The closest analogue I can find for gong fu cha is alchemy – an archaic proto-science that essentially involves the transmutation of one pure substance into another pure substance. In the West, alchemists famously sought to turn various substances into gold, while in the East their aim was to achieve immortality either through the production of an elixir or the internal refinement of subtle energies. When I teach gong fu cha, proper posture, breathing, centering, and feeling throughout the process are much more important than the temperature, time, and dosage, which can be discovered through simple trial and error. The Chinese word for breath is qi, and it is indistinguishable from the Chinese concept of life force. At its highest levels, gong fu cha is the art of being receptive to the qi of the tea plant itself, as well as the water, fire, and clay used in the tea service, and of appropriately applying one’s own qi through breath, action, and focus to harmonize these energies. The finished product, imbued with this refined qi, reflects not only the quality of the ingredients (tea, water, clay) and the skill of the server (timing, temperature, dosage), but also the qi of the server as it comes to bear on the beverage.
Incidentally, there are some palpable, though subtle, indices of mindful brewing that extend beyond the physical parameters and that can be detected and sometimes tasted in the finished infusion. The most notable of these are the cha qi and the hui gan. Cha qi is, of course, the qi of the liquid tea, and it manifests itself as a subjective, somewhat psychoactive sensation – the “buzz” of the tea. In Chinese tea culture, this is one of the most valued and sought after aspects of the tea, and for the true connoisseur good qi is infinitely more important than the mere taste or fragrance of the brew. It is considered to be an attribute of the tea itself, rather than of the person preparing the tea, but it requires skillful and mindful preparation in order to bring it out. The qi is locked in the leaves, and it is the cooperation of fire, water, earth, and the person pouring the tea that makes it available in the finished beverage.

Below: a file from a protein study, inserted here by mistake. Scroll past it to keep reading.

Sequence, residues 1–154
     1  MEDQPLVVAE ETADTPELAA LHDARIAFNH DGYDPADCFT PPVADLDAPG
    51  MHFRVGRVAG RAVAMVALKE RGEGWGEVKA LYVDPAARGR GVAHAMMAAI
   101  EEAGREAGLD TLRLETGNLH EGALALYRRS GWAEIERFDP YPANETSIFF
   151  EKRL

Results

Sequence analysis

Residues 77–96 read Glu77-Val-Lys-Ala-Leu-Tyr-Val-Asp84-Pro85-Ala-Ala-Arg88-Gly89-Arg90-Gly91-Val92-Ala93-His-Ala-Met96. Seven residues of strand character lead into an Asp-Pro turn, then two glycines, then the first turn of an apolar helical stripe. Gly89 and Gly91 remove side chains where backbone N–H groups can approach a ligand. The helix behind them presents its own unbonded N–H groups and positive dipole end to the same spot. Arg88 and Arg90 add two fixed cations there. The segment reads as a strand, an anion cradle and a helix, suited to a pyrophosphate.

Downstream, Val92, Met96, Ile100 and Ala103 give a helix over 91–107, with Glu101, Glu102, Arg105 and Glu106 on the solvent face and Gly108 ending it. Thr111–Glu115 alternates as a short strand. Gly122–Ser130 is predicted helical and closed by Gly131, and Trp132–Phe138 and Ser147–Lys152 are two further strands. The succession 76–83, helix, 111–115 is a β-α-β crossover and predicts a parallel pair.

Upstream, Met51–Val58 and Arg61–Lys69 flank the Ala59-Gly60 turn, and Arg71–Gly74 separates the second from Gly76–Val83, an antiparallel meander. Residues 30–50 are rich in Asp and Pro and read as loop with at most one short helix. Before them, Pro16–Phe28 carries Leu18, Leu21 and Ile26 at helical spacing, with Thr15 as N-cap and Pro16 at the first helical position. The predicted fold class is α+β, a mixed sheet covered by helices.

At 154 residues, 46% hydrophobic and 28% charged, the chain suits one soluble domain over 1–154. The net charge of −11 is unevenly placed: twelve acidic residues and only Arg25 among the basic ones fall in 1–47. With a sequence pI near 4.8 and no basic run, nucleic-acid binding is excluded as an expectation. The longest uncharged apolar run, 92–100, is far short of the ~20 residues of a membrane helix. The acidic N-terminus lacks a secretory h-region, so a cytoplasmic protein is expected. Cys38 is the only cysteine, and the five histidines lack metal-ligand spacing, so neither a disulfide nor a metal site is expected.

The second attribute I mentioned, hui gan, is much more distinct as it can actually be detected with the senses. It is also more apt to vary from one person to another preparing the same tea. Hui gan literally means “returning sweetness” and refers to the deep, lingering fragrance and sensation produced by high quality tea. A comparable English term is “aftertaste” although this falls far short of describing the complexity and dynamism of hui gan. Like cha qi, hui gan is inherent in the tea itself, and like cha qi it requires skillful brewing – not just perfect timing and temperature – to unlock. I have experimented with brewing identical dosages of the same tea simultaneously, using the same timing, water, and temperature in identical vessels. The general concentration, the simple flavor components such as sweetness or bitterness, and even the fragrance of the resulting brews are indistinguishable, but the hui gan is immediately and noticeably different. It differs from person to person, often with remarkable consistency, in not only degree but also the part of the mouth where it hits first, and how the sensation spreads through the mouth afterwards. I have done this even with identical twins, and found that no two people can brew identical cups of tea – it is the internal alchemy of gong fu cha that determines the deepest aspects of this infinitely complex beverage.
You can learn more about So Han Fan’s mission and passion at West China Tea Co.